Recently, you experienced your first truck accident. You have a personal injury claim against the truck driver, and you want to build your case. Did driver fatigue contribute to the harm you suffered? How long can truckers drive before taking a break, and does it matter?
Western Truck Insurance Services explains federal regulations regarding how long truck drivers may work before taking a break. Strengthen your truck accident claim by determining why the accident happened.
Understanding Duty Periods
The U.S. Department of Transportation uses duty periods instead of workdays for the trucking industry. The DOT uses regulations based on hours worked rather than specific times of the day. For example, a truck driver’s workweek may begin at 5 p.m. on Wednesday. Every duty period lasts 14 hours. While truckers may drive as many as 11 hours during a duty period, they must take a half-hour break after driving eight hours. Breaks count against the 14-hour duty period.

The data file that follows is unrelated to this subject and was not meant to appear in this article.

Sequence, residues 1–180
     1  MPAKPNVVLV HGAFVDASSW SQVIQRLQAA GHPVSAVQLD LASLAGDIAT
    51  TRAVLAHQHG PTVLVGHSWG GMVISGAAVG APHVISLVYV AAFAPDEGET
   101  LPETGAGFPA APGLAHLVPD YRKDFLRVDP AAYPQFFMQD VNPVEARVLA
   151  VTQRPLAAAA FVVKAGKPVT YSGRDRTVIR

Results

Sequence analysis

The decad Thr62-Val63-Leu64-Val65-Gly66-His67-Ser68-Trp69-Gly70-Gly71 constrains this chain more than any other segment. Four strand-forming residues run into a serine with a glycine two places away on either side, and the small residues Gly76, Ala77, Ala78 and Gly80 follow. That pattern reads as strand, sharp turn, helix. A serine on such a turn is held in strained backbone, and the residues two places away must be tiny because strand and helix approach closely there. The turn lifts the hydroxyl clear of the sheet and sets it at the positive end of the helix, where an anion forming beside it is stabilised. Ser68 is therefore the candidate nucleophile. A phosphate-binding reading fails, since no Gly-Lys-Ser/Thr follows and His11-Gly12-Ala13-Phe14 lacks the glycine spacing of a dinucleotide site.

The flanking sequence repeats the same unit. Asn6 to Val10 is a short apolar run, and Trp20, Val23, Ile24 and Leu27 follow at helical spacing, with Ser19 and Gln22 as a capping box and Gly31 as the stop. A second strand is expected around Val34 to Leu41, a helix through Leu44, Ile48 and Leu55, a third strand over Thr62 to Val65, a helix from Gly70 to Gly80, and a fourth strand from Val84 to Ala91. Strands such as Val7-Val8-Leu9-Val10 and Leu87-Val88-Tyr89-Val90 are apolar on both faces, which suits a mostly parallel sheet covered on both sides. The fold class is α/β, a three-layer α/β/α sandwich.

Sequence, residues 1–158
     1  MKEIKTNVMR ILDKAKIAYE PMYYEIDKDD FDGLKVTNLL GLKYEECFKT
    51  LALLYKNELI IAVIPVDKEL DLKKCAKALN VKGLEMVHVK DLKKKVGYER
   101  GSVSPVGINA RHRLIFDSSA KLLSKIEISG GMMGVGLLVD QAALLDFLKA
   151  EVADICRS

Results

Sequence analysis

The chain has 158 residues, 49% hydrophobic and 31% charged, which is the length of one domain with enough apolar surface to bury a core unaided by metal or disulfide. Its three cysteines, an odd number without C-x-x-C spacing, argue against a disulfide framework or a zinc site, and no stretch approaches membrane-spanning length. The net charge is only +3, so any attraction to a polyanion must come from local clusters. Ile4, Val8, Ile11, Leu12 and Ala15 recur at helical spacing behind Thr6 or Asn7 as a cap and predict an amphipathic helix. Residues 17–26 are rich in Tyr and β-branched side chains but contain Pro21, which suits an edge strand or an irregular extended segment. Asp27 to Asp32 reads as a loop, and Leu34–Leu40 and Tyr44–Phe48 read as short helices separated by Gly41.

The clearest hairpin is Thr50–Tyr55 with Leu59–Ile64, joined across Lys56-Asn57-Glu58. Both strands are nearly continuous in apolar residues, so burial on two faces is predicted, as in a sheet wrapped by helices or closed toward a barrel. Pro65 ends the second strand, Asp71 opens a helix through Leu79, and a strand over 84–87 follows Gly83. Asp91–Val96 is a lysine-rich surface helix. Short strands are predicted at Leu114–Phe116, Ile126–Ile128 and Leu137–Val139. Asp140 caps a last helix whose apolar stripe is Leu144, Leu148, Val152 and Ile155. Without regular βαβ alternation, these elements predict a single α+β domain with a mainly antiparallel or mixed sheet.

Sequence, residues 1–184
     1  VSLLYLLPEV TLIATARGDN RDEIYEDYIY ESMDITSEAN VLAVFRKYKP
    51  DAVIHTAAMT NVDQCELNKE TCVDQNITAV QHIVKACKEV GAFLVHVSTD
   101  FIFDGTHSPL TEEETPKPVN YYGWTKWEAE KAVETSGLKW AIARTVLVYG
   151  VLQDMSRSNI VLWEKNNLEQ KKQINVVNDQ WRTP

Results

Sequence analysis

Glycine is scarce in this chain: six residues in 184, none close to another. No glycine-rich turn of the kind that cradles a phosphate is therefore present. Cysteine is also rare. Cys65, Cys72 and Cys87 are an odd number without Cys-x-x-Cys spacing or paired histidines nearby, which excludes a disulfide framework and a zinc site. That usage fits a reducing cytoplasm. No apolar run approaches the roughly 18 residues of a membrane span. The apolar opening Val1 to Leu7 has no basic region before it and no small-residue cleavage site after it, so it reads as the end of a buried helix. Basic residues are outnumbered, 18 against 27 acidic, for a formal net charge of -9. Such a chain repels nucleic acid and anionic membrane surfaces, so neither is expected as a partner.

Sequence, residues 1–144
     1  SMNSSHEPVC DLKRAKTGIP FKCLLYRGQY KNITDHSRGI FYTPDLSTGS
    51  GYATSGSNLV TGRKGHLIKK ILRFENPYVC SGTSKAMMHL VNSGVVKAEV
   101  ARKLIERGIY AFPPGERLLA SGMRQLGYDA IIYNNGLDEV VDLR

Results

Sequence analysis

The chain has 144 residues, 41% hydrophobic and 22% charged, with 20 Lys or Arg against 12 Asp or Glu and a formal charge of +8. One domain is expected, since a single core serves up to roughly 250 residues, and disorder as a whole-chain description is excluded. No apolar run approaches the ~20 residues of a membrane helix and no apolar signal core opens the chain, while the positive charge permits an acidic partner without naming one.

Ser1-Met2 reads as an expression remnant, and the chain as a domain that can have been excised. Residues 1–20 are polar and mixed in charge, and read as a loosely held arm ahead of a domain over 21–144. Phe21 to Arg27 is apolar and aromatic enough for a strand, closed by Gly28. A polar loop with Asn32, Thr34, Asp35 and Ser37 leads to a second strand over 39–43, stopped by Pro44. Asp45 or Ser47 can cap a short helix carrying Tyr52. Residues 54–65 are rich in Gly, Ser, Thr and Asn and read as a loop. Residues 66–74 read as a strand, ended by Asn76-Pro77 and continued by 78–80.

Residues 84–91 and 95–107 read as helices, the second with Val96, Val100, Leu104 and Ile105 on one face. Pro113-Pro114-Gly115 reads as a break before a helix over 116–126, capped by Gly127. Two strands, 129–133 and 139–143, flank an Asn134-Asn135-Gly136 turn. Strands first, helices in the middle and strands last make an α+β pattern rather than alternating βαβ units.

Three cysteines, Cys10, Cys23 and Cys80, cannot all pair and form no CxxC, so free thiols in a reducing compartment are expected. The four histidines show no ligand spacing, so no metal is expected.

Truckers have a seven-day work period. While they may work seven consecutive days, they must break for at least 34 hours in a row before beginning a new work period.
Understanding Exceptions for Truck Driving Laws
Truckers who begin and end a duty period at the same location for a single-day assignment may work 16 hours. Even then, a truck driver may only drive for 11 hours. Truckers cannot apply this exception to layovers. The exception only applies once a duty period and requires a 34-hour break before being used again. If a trucker encounters bad weather that slows the vehicle’s progress, she or he may use the exception.
Contact an experienced truck accident law firm in San Antonio by calling 210-366-4949 for a free consultation.